The best place to start is with the assignments that are already being used at your school. At the end of the year, what are the tasks that provide the best evidence – the real indicators of student mastery? What are the students going to remember a year from now?

The concepts of badges and portfolios may be new to many of your faculty. By asking the teachers to start with tasks they are already using, it helps to ground this new initiative in something familiar. The task might need a little tweaking; for example, if students have usually done some kind of presentation for a particular task, it may be helpful to figure out how to record those presentations. Still, the task should be something that the teachers are already comfortable in using.

As schools move forward with thinking about tasks, you may want to incorporate a couple other initiatives you may already be doing.

One is personalization – how can we design our tasks so that students can express their individuality? One great resource for this topic is Allison Zmuda’s Learning Personalized website. Allison and Bena Kallick in their book Students at the Center created a definition of the four personalized learning attributes. The site also has a section on reimagining assignments.

The second is project-based learning (PBL). Projects have been around forever, but recent work has helped to clarify what makes a project a true learning experience. A few resources on this:

So, consider this while you think about your tasks – what kinds of things do you want to see going on in the classroom? Connecting the tasks with the badges has the potential to provide a new kind of incentive for students – and build on the things teachers are already doing.

Let’s talk more about this in the comments – what types of tasks would you include in the portfolios? What tasks would you consider “badge-worthy”?

Chapter 2: Defining Badges

This post is part of the online study group and discusses Chapter 2 of David Niguidula’s book Demonstrating Student Mastery with Digital Badges and Portfolios, published by ASCD.

Essential Question:

  • What do we want our students to know and be able to do?

Digital Badges are a declaration of purpose. The badges represent what we want students to achieve, and in turn, where we want to focus our teaching.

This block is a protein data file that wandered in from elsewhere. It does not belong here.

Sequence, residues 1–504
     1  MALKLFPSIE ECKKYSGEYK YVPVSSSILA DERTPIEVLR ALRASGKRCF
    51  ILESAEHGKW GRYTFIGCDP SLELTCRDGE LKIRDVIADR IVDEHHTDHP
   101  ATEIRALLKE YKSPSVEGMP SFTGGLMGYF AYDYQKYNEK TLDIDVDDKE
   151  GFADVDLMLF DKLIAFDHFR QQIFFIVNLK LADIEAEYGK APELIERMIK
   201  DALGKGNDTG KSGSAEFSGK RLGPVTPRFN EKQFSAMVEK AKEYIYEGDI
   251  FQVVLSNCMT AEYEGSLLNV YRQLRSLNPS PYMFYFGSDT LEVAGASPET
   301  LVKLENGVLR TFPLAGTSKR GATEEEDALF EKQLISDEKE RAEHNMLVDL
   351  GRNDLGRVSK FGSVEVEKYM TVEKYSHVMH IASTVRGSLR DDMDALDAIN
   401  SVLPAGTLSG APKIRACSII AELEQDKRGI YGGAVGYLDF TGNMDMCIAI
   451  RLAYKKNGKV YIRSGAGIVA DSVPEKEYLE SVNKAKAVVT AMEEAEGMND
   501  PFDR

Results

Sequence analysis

Some of the early work with digital badges has focused on defining badges in particular areas, such as community service, or demonstrating tech skills. That’s fine; it gets both students and teachers thinking about what a badge means.

Chapter 2 of the book suggests a more systematic approach. What are the skills, knowledge and habits that we want our students to possess?

It’s easy enough to come up with an initial list: students should be able to read, write, and problem solve. They should be able to work independently and to be part of a team. They should demonstrate good work habits (such as showing up on time) and strengthen their habits of mind. Undoubtedly, your school will have its own list.

One way to generate this list is simply to have all the faculty identify the different ways they see students gain skills and knowledge. You can ask, “In your roles as teachers, as coaches, as advisors, what do you see students learning?” This can create an interesting list.

This list can be a set of the different badges that students can earn. The next question becomes, which of these are required for all students, and which reflect a personal interest? Some things may be very common – for example, you may have the great majority of our students studying a second language. But is that a requirement? Would a student need to complete a World Language badge to graduate? Similarly, which habits are required?

The key here is to look at the set of badges as a whole – not just as individual items on a checklist. The required badges represent a vision of the whole child, in both academic and non-academic skills. If your goal is to have all of your students prepared for the transition to the next level , or to demonstrate college and career “readiness,” then the set of badges should represent the important elements of what it means to be “ready”

Some questions to consider:

  • What skills and knowledge are most important to you?
  • Are they all represented on your transcripts?